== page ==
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Tuesday, December 25, 2012

Christmas Art

Fantasy versus reality.
Over the many years in which I've been blogging, I've written Christmas items on Santa Claus, his great grandfather, St. Nicholas, his mother, Grandma Moses, nativities, annunciations...everything short of Seuss' Grinch and Grandmas mowed down by reindeer. However there is one Christmas art form I've never expounded upon which we all enjoy to some degree but which, for some reason, we seldom really think of as a form of art. Yet, like most art it's usually quite beautiful, often extremely creative, readily accessible in most areas, and seems to embody the very best and perhaps even the worst elements of what we term "the spirit of Christmas." I'm talking about the seasonal display of tiny little colored bulbs of glass we call holiday light decorations draped ceremoniously over everything from eave spouts and evergreens to mailboxes and garbage cans.

Safer than candles, though maybe not much--around 1893.
Christmas light displays were originally candles mounted on evergreen trees in Germany as far back the 18th century. Tradition has it fire extinguishers were first developed about the same time. Electrically speaking, we Americans have one Edward H. Johnson, a colleague of no less than Thomas A. Edison himself, to thank for the first Christmas display of colored lights, dating from December 22, 1882. He had a string of 80 cherry-size bulbs in red, white, and blue custom made, which he hand wired himself then strung over a Christmas tree at his home on Fifth Avenue in New York City. The British in London may have utilized similar strings of lights a year or so earlier. Though too expensive for home use, businesses from that point on often utilized such lighting displays in their store windows or draped around entries.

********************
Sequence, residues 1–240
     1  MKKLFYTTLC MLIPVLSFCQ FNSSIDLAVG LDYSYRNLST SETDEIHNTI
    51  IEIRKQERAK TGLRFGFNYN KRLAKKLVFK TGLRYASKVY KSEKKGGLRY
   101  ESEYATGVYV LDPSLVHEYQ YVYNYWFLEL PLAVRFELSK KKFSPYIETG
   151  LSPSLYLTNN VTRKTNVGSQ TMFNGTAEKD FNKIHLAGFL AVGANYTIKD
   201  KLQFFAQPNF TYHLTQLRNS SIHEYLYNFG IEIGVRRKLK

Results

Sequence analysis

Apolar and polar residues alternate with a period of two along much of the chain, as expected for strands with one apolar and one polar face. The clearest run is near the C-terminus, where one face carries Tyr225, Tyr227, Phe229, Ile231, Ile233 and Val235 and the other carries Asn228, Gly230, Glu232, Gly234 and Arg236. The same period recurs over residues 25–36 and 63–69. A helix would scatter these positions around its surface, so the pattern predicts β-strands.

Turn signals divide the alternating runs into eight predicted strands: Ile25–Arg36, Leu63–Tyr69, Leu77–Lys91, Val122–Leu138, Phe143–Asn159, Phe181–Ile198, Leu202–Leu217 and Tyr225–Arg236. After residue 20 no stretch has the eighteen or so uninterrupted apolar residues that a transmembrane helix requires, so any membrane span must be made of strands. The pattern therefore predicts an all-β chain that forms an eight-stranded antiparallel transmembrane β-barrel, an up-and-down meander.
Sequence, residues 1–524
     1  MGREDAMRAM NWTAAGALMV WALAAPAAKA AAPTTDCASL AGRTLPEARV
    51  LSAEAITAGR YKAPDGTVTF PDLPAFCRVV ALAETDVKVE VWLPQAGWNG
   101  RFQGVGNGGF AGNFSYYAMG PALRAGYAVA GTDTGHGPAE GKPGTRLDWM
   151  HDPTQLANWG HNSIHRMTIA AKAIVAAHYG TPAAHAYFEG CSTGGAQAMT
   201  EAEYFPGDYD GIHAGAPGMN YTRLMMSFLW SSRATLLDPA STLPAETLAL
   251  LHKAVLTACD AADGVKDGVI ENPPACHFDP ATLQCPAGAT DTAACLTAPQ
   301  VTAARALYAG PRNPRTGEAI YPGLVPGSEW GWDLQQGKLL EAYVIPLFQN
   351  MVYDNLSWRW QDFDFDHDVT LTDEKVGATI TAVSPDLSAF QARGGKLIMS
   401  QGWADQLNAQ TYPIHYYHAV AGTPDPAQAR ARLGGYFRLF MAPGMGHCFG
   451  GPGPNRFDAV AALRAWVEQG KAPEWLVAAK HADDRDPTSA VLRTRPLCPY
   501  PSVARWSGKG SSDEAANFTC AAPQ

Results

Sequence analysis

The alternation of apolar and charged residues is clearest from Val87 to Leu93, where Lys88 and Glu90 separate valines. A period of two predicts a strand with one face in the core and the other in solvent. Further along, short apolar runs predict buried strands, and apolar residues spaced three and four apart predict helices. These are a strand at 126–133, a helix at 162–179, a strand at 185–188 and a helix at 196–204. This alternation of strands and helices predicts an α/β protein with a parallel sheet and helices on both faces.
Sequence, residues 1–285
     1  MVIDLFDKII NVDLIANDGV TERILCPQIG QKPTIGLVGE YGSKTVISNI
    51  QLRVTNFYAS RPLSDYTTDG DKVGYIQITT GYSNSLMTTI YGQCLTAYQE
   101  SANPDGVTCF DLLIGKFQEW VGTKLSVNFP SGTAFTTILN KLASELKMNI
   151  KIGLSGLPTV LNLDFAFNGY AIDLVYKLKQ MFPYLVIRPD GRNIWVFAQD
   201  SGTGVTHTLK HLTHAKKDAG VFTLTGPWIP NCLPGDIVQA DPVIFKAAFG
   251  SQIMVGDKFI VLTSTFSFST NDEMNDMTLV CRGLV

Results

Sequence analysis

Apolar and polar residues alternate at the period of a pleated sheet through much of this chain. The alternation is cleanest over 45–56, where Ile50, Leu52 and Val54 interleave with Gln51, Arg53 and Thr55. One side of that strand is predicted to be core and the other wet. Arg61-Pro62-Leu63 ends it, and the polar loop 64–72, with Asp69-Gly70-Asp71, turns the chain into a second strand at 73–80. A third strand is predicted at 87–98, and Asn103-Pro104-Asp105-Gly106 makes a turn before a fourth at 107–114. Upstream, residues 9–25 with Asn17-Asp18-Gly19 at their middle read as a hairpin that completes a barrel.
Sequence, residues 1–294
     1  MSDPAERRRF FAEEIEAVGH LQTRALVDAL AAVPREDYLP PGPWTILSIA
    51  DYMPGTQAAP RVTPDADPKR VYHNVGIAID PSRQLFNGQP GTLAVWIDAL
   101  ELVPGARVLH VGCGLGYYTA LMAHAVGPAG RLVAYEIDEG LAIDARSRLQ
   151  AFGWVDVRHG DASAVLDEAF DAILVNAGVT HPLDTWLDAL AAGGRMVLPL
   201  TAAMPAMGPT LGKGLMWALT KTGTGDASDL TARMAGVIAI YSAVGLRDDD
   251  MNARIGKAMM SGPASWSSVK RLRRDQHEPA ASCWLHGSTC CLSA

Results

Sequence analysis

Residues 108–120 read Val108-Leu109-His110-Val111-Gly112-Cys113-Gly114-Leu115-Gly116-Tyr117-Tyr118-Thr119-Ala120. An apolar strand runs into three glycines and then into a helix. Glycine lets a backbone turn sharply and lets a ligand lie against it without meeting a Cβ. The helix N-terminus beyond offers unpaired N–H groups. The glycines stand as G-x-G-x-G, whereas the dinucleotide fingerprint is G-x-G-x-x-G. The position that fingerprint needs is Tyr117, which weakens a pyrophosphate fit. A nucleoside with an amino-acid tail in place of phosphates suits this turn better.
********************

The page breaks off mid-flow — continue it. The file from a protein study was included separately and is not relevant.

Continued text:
If one burned out, they all went out.
Early light strings even included Florescents.

Though the National Outfit Manufacturers Association (NOMA) began large-scale sales of Christmas lights for home use as early as 1917, it wasn't until the 1930s that such lights became common. During the war years, rationing ended such sales and even curtailed the use of existing lights, but then with the social and economic optimism of the 1950s in the U.S., Christmas lights moved from indoor trees to those outside and from there spread over virtually every surface, nook, and cranny not likely to be trampled upon by Santa Claus. Moreover, it wasn't long before Santa himself was lit up along with Rudolph and his eight tiny reindeer friends. Christmas lights got smaller, cheaper, brighter, more dependable, and burned less electricity. Starting in the 1990s and  especially in more recent years, the LED and its tiny computer cousins have added the element of time and music to such lighting extravaganzas, in which private homes often surpass business displays both in size and creativity. Entire communities (and not just big cities) began to challenge Rockefeller Center (below) for the yuletide spotlight.

2012, Rockefeller Center, New York City
As with every art form, once the amateurs get involved, good taste, even common sense, often goes out the window, onto the sidewalk, and up the street. The good old American "bigger is always better/too much is not enough" mentality takes over. Traffic management becomes a headache, the neighbors complain, lawsuits arise, ordinances get passed, and St. Nicholas rolls over in his grave. I, myself, must plead guilty to having more lights than anyone in our neighborhood (mostly white with a little blue around the front door). It takes an entire afternoon to rig them up and a couple hours to take them down and store them away. Yet in some areas, my lighting would be modestly average at best. An over lit front yard visible a mile away has been known to cause traffic mishaps. An 80-foot 50,000 light tree in Rockefeller Center is a national Christmas landmark. The same tree at the end of a suburban cul-de-sac is the proverbial "nightmare before Christmas."
Christmas run amok!

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